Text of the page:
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Experience Is There For Future Reference – The Case of Joe Sutter and Boeing Company

Joseph Frederick "Joe" Sutter was the original lead engineer in the designing and building of the Boeing 747 jumbo-sized four en...

Joseph Frederick "Joe" Sutter was the original lead engineer in the designing and building of the Boeing 747 jumbo-sized four engine aeroplane.


Tapiwa Zuze

Sutter led the engineering team on this project from 1965 to 1969 when the first B747 took-off into the skies. Over the years some younger and sharper brains came along the way, and took over a number of other modernised tasks under the Boeing Company.

However, there is one thing that struck me most about Boeing Company. Though they grew bigger and better with sharper human capital along the way, but they never threw away the likes of Joe Sutter. In one way or the other he continued in the vicinity of Boeing. In fact, by the time of his passing on in 2012 (at 95 years of age), he was part of Boeing Senior Advisory Group, simply because Boeing knew that experience will always carry the day when called upon. Even when Joe Sutter lies in the grave, he is still referred to as “THE FATHER OF THE 747”. In addition to that, Boeing renamed their iconic 40-87 Building in Everett to “Joe Sutter Building”, in honour of their hero.

But when we come to our own business and politics today; we have a strong appetite to destroy and throw away all our predecessors' efforts. We come into offices and burn all policy documents, existing resolutions, and getting ready to “re-invent the will”.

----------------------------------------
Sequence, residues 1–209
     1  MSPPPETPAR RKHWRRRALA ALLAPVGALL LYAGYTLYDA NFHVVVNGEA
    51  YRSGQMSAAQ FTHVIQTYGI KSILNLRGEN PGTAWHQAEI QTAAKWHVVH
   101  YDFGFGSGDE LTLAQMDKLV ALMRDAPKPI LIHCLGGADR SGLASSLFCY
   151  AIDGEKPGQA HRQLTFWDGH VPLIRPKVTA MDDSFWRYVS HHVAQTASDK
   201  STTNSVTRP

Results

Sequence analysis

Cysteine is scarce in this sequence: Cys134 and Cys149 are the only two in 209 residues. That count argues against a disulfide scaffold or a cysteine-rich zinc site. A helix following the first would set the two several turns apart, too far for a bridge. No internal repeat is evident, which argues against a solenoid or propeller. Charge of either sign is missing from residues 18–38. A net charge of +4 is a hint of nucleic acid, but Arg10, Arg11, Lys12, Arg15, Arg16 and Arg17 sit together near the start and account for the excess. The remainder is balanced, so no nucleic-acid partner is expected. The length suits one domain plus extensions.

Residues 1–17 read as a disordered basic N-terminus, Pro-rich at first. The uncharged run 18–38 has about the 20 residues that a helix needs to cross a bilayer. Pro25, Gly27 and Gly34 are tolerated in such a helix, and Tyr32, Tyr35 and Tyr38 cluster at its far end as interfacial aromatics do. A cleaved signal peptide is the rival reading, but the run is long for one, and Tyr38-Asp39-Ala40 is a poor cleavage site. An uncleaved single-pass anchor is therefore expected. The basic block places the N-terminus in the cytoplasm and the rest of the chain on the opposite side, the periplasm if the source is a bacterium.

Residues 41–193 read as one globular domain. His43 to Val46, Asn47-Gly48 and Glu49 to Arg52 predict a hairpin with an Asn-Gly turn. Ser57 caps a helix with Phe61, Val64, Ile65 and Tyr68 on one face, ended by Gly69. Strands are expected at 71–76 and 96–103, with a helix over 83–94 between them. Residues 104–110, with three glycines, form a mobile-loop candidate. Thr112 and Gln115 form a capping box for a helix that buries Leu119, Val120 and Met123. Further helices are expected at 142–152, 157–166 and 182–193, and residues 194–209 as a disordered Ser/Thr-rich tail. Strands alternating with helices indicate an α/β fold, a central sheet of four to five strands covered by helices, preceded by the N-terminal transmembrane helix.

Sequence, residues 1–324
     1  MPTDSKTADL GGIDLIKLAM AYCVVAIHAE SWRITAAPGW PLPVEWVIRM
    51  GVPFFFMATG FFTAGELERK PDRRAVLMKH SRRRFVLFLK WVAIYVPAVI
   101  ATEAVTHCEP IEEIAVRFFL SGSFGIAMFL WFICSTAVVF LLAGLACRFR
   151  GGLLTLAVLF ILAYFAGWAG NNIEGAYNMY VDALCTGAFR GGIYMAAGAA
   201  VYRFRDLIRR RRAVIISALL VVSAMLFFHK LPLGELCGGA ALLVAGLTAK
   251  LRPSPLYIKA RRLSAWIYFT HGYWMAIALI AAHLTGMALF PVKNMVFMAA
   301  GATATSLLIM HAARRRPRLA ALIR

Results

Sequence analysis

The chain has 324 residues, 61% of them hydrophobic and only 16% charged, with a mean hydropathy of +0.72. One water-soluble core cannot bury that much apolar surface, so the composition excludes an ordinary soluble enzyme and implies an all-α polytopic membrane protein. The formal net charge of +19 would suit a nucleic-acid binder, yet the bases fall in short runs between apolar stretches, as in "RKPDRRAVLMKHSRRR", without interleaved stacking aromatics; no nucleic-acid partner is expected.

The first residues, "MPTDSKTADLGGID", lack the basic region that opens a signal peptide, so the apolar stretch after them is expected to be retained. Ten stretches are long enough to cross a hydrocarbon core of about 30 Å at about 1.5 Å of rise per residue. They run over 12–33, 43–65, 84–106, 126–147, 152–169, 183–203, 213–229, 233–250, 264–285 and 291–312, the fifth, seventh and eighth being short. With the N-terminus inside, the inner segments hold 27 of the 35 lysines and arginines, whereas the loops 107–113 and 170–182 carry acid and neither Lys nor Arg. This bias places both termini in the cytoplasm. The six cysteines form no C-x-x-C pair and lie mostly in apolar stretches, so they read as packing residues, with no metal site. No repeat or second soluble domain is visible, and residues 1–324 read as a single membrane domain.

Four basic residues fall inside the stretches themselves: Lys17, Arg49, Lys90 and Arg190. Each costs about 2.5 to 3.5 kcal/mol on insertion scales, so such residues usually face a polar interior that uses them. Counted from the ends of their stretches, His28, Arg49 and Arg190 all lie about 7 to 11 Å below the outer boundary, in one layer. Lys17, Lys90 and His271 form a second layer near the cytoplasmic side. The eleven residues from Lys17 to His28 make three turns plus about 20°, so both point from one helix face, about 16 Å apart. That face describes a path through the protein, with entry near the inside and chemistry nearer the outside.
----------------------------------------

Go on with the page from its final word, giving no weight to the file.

Incumbent ministers are chopped off, senior public officers are tossed to and from, all in the name of “change”. In that chaotic madness of trying to prove relevance, big brains and big ideas have been lost.

Even in churches, boards are dissolved, lay workers are fired, office bearers hounded out and humiliated. There is finger pointing, and axes are sharpened and wielded, hovering precariously over congregants. Again it still comes back to the same question: Was everything wrong that was done before you came in? Was every document, policy, resolution all wrong?

This is the greatest tragedy of today; everyone trying to prove a point. By being this naive we have lost so much experience built by our predecessors over the years.

Everyone is trying to be a superstar, and this has brought a lot of artificial successes leading to monumental failures in the end. Just like Boeing and the Joe Sutter case; only if we can appreciate each other, the better for us and our future generations.

Let’s learn to value our predecessors’ efforts.

Tapiwa Zuze – www.tapiwazuze.com

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